Also, take advantage of internships. Just start jumping in. The motivation to go to school shows you’re in a great place, but when you toss in internships and mentors, you’re setting yourself up to be constantly encouraged, which a lot of students need.
Tell us about your current position.
I manage fundraising, special events and community partnerships for Goodwill of Western Missouri and Eastern Kansas. I meet with individuals and organizations about our mission and educate them on what Goodwill does. People identify Goodwill as a retail store, but our mission is to empower people with disadvantages and different abilities to earn and keep employment through individualized programs and services.
How did UMKC help you reach your current position?
UMKC taught me how to learn and use all of the “tools in my toolbox.” Every class taught me know to understand complex issues, create partnerships, think critically and interact productively.
What are the challenges of your field?
The constant awareness of trauma and pain that people experience is the biggest challenge as a nonprofit professional. Nonprofit organizations are important to fulfill the public’s needs where the government cannot. But the most beautiful and bright part of my field is seeing people become resilient and overcome past trauma.
What are the benefits?
I love sharing our client success stories with community partners, donors and everyone I meet. At the end of the day, I know I am working for an organization that is helping people.
What is one word that best describes you?
Butterfly. I am constantly evolving and spreading my wings for the next journey in life. A butterfly is resilient, transformative and full of positive energy. That’s Klassie!
What are your goals for the future?
I will run for public office. My lifetime vision is to help youth, families and adults achieve their personal freedoms in life.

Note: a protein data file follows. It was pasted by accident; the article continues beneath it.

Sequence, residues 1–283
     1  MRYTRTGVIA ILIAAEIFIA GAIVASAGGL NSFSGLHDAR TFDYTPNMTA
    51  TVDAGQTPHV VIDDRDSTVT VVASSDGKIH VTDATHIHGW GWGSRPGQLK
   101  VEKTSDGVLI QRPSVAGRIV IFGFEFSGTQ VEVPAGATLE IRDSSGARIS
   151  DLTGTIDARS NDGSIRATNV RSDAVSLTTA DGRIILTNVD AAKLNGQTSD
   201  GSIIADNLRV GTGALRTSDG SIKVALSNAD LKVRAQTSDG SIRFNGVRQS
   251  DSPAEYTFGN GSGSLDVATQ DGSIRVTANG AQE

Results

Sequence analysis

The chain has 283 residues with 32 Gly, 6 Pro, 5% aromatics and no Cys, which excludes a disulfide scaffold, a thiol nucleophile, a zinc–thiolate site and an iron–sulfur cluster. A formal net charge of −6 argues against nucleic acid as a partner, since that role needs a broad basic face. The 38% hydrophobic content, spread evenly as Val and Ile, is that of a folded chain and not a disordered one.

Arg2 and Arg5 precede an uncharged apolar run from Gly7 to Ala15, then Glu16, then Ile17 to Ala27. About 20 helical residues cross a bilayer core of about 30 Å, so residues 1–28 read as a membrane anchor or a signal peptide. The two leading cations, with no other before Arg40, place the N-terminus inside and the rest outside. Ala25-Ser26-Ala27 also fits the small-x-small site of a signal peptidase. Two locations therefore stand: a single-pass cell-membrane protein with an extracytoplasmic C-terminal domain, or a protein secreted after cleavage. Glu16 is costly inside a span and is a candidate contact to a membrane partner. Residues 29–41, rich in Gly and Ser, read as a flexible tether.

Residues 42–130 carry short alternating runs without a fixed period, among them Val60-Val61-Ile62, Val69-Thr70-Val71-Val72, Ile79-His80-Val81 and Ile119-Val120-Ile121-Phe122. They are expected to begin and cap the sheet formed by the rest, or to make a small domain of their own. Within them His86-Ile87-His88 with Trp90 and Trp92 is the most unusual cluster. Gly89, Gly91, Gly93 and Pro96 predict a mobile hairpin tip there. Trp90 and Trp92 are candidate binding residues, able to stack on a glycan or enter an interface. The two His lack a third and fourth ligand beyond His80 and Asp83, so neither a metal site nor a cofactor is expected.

What is your greatest fear?
I don’t have fear. Every single day I leave the house repeating the words of Abraham Lincoln, “Let no feeling of discouragement prey upon you, and in the end, you are sure to succeed.” I show up in the world from a space of love and peace. I give myself permission to believe anything is possible. I believe it is a critical time in American history to build fearless female leaders. I challenge myself to give everything in my life and career because the only competition is with myself.
Do you have a motto?
I have two. The first is from Hillary Clinton: “Let our legacy be about planting seeds in a garden you never get to see.” That’s the goal in my life. I also love Nelson Mandela’s quote, “Education is the most powerful weapon which you can use to change the world.”
What makes you unique?
My positive energy. I’m not scared to be a risk-taker. Even now, I’ll be in a crowd, and someone will yell “Klassie!” There’s something about me that people remember. It’s a testament to my parents, who raised me to be a woman of respect and love.
What’s your favorite place in Kansas City?
Union Station, because of the history, Pierpont’s, architectural details and exhibits. Union Station is a magical place.